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Reaction Mechanisms for AP Chemistry

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By — McGraw-Hill Professional
Updated on Feb 2, 2011

Practice problems for these concepts can be found at:

Recall that before a reaction can occur there must be a collision between one reactant with the proper orientation at the reactive site of another reactant that transfers enough energy to provide the activation energy. However, many reactions do not take place in quite this simple a way. Many reactions proceed from reactants to products through a sequence of reactions. This sequence of reactions is called the reaction mechanism. For example, consider the reactio

    A + 2B → E + F

Most likely, E and F are not formed from the simple collision of an A and two B molecules. This reaction might follow this reaction sequence:

    A + B → C
    C + B → D
    D → E + F

If you add together the three equations above, you will get the overall equation A + 2B → E + F. C and D are called reaction intermediates, chemical species that are produced and consumed during the reaction, but that do not appear in the overall reaction.

If you add together the three equations above, you will get the overall equation A + 2B → E + F. C and D are called reaction intermediates, chemical species that are produced and consumed during the reaction, but that do not appear in the overall reaction.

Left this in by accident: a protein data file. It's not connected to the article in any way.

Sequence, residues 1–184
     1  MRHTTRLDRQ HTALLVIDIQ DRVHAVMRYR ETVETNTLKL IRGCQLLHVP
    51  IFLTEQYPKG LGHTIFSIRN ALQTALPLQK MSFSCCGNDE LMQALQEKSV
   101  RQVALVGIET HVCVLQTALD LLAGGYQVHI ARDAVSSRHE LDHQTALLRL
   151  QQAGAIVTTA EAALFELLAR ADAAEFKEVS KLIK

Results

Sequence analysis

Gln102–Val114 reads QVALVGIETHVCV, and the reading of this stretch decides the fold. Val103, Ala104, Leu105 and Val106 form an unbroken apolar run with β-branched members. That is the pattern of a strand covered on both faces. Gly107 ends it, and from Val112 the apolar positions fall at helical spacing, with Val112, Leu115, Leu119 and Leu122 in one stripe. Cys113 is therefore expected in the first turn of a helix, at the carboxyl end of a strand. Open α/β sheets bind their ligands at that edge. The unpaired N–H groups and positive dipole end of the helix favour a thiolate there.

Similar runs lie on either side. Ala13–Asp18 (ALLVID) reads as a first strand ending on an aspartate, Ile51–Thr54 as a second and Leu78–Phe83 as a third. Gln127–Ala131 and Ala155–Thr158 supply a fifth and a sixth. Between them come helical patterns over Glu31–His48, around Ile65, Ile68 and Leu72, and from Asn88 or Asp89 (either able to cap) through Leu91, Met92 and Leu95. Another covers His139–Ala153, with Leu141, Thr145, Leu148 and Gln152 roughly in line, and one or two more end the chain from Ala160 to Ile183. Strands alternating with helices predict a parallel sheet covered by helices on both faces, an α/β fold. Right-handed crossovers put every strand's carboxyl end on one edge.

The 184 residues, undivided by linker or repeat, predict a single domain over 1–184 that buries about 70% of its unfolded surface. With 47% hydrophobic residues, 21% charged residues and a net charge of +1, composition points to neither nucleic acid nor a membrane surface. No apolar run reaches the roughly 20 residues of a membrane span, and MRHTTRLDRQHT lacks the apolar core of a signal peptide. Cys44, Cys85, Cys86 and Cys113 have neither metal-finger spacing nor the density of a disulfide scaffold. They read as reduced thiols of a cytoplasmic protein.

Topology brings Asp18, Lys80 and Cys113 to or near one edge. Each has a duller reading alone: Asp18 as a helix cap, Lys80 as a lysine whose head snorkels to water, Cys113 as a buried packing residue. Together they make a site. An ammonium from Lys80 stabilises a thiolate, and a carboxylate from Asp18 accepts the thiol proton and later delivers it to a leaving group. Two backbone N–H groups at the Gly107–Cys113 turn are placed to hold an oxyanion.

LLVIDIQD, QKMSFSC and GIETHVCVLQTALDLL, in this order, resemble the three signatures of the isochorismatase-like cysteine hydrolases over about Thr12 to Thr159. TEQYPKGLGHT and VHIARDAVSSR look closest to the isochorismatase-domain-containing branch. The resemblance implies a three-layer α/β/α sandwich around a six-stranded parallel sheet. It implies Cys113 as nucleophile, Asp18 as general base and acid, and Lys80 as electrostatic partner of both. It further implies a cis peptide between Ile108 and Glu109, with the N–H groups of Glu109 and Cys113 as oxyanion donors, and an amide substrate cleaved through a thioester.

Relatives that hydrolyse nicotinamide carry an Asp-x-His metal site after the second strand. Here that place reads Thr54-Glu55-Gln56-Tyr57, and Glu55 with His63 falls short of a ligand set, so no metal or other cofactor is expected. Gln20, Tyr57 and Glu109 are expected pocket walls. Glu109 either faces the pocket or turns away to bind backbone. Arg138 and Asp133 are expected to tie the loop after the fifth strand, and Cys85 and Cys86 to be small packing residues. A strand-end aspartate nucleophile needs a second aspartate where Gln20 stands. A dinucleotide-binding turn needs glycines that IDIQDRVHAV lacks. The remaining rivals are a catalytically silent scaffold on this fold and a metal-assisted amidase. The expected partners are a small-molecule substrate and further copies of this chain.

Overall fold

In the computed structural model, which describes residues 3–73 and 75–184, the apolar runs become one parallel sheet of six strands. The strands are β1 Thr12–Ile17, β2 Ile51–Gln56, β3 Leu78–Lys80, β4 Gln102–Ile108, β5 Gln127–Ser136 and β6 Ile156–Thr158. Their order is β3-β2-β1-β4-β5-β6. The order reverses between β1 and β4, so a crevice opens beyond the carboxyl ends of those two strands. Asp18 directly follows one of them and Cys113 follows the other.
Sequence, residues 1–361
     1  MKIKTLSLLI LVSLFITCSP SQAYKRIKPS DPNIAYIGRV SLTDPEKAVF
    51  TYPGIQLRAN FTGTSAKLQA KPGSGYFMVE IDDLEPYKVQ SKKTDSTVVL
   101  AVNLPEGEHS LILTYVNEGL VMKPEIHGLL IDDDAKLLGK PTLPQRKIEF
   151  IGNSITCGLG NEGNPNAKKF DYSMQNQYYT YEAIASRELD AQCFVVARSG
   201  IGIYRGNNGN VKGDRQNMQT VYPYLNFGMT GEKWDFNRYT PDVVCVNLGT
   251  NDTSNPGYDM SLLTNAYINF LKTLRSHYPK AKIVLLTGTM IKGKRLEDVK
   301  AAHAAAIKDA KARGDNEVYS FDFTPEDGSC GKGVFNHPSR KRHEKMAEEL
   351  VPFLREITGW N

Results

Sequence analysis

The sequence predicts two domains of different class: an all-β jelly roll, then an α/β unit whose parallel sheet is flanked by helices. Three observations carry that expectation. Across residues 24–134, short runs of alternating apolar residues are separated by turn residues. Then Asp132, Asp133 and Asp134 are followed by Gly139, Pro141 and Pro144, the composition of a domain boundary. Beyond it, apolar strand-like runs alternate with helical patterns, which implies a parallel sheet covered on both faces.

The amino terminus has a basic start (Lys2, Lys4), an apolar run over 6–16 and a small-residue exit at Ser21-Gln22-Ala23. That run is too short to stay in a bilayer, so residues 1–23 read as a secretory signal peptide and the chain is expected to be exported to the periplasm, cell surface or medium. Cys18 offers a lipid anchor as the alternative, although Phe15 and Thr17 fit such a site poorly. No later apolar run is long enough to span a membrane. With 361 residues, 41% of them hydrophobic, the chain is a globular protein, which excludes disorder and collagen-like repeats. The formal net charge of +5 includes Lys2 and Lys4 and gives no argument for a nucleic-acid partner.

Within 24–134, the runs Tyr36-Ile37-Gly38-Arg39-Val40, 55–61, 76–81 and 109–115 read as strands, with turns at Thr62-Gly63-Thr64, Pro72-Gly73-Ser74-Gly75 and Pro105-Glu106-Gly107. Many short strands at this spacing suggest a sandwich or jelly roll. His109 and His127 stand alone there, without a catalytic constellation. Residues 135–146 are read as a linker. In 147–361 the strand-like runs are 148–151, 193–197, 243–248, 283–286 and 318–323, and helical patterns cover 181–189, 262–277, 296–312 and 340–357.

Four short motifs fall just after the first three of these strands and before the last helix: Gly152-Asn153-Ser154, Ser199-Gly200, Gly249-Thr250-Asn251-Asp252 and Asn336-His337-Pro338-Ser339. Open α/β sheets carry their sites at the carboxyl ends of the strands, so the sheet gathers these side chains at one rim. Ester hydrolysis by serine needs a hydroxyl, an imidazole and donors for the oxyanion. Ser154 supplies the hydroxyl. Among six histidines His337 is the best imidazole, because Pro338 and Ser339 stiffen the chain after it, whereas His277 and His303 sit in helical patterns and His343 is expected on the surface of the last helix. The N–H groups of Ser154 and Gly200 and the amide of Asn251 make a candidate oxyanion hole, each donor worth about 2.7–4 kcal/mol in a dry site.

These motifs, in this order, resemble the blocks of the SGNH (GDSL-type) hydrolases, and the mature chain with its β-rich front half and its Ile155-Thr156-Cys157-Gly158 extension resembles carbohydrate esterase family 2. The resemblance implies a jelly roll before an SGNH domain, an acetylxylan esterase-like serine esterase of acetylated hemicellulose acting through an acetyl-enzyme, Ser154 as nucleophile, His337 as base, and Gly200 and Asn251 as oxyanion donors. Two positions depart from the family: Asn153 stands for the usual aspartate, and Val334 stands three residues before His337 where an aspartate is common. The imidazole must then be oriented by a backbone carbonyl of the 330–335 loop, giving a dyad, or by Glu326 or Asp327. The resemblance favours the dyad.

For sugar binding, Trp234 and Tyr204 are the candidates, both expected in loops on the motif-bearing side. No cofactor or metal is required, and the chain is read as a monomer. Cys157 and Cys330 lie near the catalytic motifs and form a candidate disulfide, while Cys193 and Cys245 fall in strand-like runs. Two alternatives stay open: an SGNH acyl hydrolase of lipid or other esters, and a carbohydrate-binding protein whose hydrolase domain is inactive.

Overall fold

The rate equation for an elementary step can be determined from the reaction stoichiometry, unlike the overall reaction. The reactant coefficients in the elementary step become the reaction orders in the rate equation for that elementary step.

Many times a study of the kinetics of a reaction gives clues to the reaction mechanism. For example, consider the following reaction:

    NO2(g) + CO(g) → NO(g) + CO2(g)

It has been determined experimentally that the rate law for this reaction is: Rate = k[NO2]2. This rate law indicates that the reaction does not occur with a simple collision between NO2 and CO. A simple collision of this type would have a rate law of Rate = k[NO2][CO]. The following mechanism has been proposed for this reaction

    NO2(g) + NO2(g) → NO3(g) + NO(g)
    NO3(g) + CO(g) → NO2(g) + CO2(g)

Notice that if you add these two steps together, you get the overall reaction. The first step has been shown to be the slow step in the mechanism, the rate–determining step. If we write the rate law for this elementary step it is: Rate = k[NO2]2, which is identical to the experimentally determined rate law for the overall reaction.

Also note that both of the steps in the mechanism are bimolecular reactions, reactions that involve the collision of two chemical species. In unimolecular reactions a single chemical species decomposes or rearranges. Both bimolecular and unimolecular reactions are common, but the collision of three or more chemical species is quite rare. Therefore, in developing or assessing a mechanism, it is best to consider only unimolecular or bimolecular elementary steps.

Practice problems for these concepts can be found at:

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